The National Agriculture Imagery Program (NAIP) acquires aerial imagery during the agricultural growing seasons in the continental United States. It is administered by the USDA's Farm Service Agency (FSA) through the Aerial Photography Field Office (APFO) in Salt Lake City.A primary goal of the NAIP program is to make digital ortho photography available to governmental agencies and the public within a year of acquisition. This "leaf-on" imagery is used as a base layer for GIS programs in the FSA's County Service Centers, and is used to maintain the Common Land Unit (CLU) boundaries. Projects are contracted each year based upon available funding and the FSA imagery acquisition cycle. Beginning in 2003, NAIP was acquired on a 5-year cycle. 2008 was a transition year, and a three-year cycle began in 2009. Since the NAIP program began in 2003, vendors have been transitioning to digital sensors in imagery acquisition. In 2009, most NAIP imagery will be acquired with digital sensors rather than film cameras.NAIP imagery products are available either as digital ortho quarter quad tiles (DOQQs) or as compressed county mosaics (CCM). The area for DOQQs corresponds to the USGS topographic quadrangles. Each image tile covers a 3.75 x 3.75 minute quarter quadrangle plus a 300-meter buffer on all four sides. CCMs are generated by compressing DOQQ image tiles into a single mosaic.
All individual tile images and the resulting mosaic are rectified in the UTM coordinate system, NAD 83, and cast into a single predetermined UTM zone.NAIP imagery is typically acquired at a 1-meter (3.28 ft) ground sample distance (GSD) with a horizontal accuracy that matches within 6 meters (19.69 ft) of photo-identifiable ground control points, although these parameters do change over time. Starting in 2016, new imagery were acquired with a horizontal accuracy of +/-4 meters (13.12 ft), and starting in 2018, new imagery were acquired with GSD of 60 centimeters (1.97 ft). The default spectral resolution is natural color (Red, Green and Blue, or RGB) but beginning in 2007, some states have been delivered with four bands of data: RGB and Near Infrared. Images have no more than 10% cloud cover per quarter quad tile, weather conditions permitting.Orfű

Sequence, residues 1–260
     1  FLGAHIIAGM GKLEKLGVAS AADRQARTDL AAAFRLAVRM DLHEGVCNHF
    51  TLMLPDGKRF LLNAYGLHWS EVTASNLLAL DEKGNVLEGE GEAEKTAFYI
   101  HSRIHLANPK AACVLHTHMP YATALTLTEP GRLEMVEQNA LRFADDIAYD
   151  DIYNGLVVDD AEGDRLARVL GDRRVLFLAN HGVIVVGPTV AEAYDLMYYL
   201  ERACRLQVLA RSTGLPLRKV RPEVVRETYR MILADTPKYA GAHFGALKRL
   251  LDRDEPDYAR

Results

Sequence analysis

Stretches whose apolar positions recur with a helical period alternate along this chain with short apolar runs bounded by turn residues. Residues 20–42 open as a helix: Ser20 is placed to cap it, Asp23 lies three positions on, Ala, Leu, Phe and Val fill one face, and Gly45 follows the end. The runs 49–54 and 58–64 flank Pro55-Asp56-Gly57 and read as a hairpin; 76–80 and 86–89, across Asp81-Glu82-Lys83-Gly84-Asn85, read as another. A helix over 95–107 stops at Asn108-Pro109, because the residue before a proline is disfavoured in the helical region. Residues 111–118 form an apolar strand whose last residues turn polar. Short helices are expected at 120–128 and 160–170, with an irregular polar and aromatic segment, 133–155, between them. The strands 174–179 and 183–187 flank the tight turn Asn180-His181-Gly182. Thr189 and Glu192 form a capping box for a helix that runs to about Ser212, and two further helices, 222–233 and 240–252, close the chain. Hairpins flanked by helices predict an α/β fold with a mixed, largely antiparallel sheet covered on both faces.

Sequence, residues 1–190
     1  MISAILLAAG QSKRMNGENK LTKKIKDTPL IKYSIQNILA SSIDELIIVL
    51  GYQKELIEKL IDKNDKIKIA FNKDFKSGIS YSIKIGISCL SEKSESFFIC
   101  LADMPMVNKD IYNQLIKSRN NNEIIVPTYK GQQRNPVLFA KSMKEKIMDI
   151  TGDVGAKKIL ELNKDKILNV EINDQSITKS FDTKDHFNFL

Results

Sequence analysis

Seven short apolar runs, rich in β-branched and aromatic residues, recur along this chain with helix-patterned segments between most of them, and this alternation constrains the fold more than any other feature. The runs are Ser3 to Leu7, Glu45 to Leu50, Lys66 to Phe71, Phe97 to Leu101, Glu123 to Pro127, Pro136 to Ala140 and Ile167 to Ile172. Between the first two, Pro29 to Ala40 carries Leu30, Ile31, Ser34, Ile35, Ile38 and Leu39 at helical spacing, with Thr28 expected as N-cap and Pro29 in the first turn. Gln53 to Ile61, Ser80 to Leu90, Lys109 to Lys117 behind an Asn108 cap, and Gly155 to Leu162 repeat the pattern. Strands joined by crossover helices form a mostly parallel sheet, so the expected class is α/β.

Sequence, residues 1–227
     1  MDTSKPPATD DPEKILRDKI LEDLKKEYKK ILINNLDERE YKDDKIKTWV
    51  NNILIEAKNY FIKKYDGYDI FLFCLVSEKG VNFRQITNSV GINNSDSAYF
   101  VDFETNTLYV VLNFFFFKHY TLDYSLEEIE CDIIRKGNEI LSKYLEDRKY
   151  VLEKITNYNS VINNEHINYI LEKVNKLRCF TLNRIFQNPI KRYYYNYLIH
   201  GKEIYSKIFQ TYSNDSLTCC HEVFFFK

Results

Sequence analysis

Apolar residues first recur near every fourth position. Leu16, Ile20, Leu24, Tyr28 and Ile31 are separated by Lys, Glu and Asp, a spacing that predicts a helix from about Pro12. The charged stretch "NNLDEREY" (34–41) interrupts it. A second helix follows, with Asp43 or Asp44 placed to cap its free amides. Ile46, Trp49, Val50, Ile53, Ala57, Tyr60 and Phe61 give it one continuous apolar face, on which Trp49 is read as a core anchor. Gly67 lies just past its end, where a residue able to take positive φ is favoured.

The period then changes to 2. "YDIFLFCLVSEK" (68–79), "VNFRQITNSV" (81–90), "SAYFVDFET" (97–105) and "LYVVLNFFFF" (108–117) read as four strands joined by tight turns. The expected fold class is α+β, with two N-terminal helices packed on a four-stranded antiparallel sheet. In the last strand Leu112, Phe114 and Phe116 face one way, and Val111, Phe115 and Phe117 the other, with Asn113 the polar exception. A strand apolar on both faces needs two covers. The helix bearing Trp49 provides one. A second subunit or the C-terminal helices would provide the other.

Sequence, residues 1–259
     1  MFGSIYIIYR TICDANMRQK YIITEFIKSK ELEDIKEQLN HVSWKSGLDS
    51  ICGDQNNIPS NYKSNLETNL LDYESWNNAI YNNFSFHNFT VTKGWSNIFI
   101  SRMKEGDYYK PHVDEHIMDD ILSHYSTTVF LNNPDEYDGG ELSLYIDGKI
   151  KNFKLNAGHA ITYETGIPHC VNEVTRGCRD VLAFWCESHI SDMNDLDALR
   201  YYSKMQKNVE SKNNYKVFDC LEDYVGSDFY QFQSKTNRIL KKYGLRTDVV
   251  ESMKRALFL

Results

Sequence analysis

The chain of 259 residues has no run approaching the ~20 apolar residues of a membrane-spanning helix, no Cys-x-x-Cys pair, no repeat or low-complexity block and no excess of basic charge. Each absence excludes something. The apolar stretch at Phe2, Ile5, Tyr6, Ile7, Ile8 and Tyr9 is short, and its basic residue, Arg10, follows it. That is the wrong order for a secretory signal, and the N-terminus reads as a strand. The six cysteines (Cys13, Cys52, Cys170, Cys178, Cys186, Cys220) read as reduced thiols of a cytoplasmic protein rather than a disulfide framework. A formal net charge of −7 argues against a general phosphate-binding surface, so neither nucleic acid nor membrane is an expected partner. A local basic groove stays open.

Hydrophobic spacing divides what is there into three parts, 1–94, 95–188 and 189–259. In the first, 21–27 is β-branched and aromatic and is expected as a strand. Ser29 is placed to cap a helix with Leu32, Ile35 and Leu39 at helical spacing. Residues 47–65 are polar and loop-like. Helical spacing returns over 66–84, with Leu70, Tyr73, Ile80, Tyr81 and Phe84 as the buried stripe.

Orfű is a village in Baranya county, Hungary. The settlement is a well-known pleasure resort.Picton, Cheshire
Picton is a hamlet and former civil parish, now in the parish of Mickle Trafford and District, situated near to Chester, in the Borough of Cheshire West and Chester and the ceremonial county of Cheshire in England. In 2001 it had a population of 58. The civil parish was abolished in 2015 to form Mickle Trafford and District.In 1995 aerial photography showed evidence of a Roman practice fort in the parish.Picton Hall and Picton Hall Farmhouse are designated by English Heritage as a Grade II listed building. It is the only listed building in the parish.Pigeon photography
Pigeon photography is an aerial photography technique invented in 1907 by the German apothecary Julius Neubronner, who also used pigeons to deliver medications. A homing pigeon was fitted with an aluminium breast harness to which a lightweight time-delayed miniature camera could be attached. Neubronner's German patent application was initially rejected, but was granted in December 1908 after he produced authenticated photographs taken by his pigeons. He publicized the technique at the 1909 Dresden International Photographic Exhibition, and sold some images as postcards at the Frankfurt International Aviation Exhibition and at the 1910 and 1911 Paris Air Shows.